In short, the hydropolyp is characterized by a more simple type of organization than the anthopolyp, and is in most respects less modified from the actinula type of structure.
The hypostome of the hydropolyp may be small, or, on the other hand, as in Eudendrium (Allman, loc. cit.
The mesogloea in the hydropolyp is a thin elastic layer, in which may be lodged the muscular fibres and ganglion cells mentioned above, but which never contains any connective tissue or skeletogenous cells or any other kind of special mesogloeal corpuscles.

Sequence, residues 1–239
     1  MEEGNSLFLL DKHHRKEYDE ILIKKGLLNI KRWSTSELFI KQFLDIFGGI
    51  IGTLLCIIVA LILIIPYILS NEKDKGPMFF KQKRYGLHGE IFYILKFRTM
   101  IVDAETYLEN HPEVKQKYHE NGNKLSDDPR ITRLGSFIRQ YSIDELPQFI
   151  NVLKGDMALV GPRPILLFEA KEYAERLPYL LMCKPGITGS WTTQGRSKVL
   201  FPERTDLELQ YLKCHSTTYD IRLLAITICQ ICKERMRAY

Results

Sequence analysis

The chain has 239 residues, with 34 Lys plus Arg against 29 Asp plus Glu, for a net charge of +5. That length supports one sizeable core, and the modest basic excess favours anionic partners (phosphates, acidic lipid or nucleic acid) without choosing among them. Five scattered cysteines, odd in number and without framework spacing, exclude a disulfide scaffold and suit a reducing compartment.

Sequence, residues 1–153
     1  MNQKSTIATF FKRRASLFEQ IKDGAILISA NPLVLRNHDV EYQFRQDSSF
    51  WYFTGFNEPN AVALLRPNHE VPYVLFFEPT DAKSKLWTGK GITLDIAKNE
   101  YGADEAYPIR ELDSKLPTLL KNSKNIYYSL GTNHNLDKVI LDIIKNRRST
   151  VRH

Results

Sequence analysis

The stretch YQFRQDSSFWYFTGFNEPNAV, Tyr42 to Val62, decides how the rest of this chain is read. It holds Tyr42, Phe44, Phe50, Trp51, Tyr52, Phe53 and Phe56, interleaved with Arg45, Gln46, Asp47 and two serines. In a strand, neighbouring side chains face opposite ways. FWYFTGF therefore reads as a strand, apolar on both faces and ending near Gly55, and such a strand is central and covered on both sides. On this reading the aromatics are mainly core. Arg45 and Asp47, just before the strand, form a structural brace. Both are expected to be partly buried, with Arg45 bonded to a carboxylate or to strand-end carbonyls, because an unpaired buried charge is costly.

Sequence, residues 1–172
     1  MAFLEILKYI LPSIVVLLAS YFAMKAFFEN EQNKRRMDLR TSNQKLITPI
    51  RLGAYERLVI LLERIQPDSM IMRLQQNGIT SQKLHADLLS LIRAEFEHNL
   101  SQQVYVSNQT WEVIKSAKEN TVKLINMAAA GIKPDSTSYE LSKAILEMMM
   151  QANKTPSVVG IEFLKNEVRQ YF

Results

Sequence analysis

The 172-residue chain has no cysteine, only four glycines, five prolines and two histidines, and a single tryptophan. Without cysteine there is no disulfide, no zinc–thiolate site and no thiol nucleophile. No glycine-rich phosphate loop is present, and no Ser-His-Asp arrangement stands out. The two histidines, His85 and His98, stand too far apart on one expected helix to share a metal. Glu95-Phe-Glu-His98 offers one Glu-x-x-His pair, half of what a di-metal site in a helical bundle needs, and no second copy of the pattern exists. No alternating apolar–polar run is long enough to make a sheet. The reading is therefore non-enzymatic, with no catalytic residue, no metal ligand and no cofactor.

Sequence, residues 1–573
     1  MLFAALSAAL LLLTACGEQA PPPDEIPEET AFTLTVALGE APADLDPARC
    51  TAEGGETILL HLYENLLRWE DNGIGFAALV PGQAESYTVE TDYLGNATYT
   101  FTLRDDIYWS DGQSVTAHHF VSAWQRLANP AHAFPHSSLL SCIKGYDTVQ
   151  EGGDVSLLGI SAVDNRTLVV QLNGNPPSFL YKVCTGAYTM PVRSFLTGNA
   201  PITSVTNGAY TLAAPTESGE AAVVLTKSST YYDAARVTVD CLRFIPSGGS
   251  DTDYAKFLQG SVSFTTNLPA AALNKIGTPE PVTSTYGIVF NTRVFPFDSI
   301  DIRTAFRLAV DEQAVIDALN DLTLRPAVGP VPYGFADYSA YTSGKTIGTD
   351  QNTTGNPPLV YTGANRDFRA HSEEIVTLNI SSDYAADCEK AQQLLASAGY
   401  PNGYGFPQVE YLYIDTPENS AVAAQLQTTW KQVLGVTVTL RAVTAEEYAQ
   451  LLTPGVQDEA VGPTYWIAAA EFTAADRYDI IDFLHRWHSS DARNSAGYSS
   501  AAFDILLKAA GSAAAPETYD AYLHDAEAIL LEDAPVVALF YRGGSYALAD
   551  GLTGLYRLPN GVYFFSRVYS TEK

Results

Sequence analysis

The internal structural differences are even more characteristic. In the hydropolyp the blastopore of the embryo forms the adult mouth situated at the extremity of the hypostome, and the ectoderm and FIG.
Further, in the hydropolyp the digestive cavity either remains simple and undivided and circular in transverse section, or may show ridges projecting internally, which in this case are formed of endoderm alone, without any participation of the mesogloea.
In the hydropolyp the body is typically elongated, the height of the column being far greater than the diameter.
In the hydropolyp the ectodermal muscle-fibres are always directed longitudinally.